“Contagious” was a Top 20 hit. A band that debuted in 1959 had a hit and double platinum album over 40 years later. And yet people don’t mention the Isleys as one of the all-time greats. They also had a No. 1 album in 2003 and were actually still on the radio – not just living off past glory.

Fans of R&B and funk know how great the Isleys are and yes they are in the Rock and Roll Hall Fame. But to me, they should be talked about more as one of the best American born groups ever.

You want to talk about influence? Listen to their 1964 single “Testify”, featuring a guy that Kelly Isley found named Jimi Hendrix.  That was the first time Hendrix was ever heard on vinyl. That song also influenced Stevie Ray Vaughan to do his own cover on Texas Flood.

Yep, that's a young soul version of Jimi Hendrix with the Isleys

As I said, the Quiet Storm format owes a lot to the Isley Brothers because so many ballads fit that style. Hip-hop has sampled them to death from Ice Cube, Notorious B.I.G., J Dilla, Beastie Boys and many more.

You can listen to an Isley Brothers record and just fall into it. It sucks you in because of Ron’s voice and the music behind it. I was literally on Spotify letting it shuffle on their page and songs I didn’t hear before sucked you in. If Ron Isley was just a good singer, you’d listen but that music and production behind him was so tight and irresistible.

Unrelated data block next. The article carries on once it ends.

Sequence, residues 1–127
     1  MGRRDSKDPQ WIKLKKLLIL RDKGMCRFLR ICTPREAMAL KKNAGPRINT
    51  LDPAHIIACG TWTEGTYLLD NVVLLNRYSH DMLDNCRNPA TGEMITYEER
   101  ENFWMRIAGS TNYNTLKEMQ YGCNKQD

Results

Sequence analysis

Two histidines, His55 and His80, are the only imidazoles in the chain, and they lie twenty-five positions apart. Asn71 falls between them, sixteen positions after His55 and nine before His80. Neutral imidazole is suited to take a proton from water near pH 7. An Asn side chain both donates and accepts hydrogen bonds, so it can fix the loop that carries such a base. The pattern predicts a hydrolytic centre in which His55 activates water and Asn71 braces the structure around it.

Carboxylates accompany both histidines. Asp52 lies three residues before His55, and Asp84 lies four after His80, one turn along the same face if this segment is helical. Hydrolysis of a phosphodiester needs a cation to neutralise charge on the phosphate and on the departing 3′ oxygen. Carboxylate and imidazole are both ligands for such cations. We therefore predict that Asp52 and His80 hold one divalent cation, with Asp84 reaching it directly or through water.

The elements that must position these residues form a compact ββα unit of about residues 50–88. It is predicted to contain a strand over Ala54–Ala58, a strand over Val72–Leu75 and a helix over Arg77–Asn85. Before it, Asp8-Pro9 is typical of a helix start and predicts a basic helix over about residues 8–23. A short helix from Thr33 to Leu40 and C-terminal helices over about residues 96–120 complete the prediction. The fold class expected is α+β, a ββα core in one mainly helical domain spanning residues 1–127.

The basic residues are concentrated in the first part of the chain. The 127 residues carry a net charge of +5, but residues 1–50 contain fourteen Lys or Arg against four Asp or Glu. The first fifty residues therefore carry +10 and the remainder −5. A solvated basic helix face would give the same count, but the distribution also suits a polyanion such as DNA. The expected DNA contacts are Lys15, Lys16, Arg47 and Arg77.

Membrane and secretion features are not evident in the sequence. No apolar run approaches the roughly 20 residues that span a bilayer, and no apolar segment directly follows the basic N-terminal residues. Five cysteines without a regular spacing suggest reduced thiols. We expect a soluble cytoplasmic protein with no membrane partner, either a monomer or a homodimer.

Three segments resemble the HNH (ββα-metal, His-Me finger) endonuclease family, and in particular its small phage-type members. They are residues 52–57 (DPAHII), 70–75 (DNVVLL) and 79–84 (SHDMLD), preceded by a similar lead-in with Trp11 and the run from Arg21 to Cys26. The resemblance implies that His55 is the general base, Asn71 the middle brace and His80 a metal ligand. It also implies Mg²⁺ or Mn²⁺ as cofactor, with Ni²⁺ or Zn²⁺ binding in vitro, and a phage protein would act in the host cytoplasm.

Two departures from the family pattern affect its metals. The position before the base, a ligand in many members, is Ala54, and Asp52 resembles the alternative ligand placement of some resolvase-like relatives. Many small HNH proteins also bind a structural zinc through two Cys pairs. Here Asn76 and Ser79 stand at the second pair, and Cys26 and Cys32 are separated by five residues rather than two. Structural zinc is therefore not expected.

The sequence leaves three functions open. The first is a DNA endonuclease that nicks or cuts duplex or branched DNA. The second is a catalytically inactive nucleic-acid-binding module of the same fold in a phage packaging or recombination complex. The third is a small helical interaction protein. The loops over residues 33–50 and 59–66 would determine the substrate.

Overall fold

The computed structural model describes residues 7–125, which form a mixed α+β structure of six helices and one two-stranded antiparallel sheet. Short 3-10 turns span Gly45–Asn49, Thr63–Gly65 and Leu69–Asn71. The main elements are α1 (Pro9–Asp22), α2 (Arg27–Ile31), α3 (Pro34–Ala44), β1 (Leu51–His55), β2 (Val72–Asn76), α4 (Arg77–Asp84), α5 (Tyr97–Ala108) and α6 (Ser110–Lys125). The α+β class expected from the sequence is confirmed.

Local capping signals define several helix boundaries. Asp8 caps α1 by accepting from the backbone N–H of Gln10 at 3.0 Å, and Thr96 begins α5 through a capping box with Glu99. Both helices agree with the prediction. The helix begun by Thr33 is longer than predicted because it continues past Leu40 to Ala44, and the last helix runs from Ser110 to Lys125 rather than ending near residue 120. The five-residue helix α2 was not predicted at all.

Ron’s one of our finest love poets with one of the most unique voices in music history. Hear the rawness of the early Isley records to the smooth control in the funk/Quiet Storm era. You won’t hear too many like it. It evolved with the sound of the band. You also can’t forget the great harmonies with him, Rudolph and Kelly and those older records still sound as amazing as the funkier ones.

Ernie Isley deserves way more love as a phenomenal guitarist (as should Marvin Isley and Chris Jasper for their musicianship). Just like Eddie Hazel of Funkadelic, he played with soul and fury. He could play behind Ron’s voice or he could carry a song with his guitar work. He could rival anybody who’s ever picked up a guitar. One more reminder – his solo on the cover of “Summer Breeze.”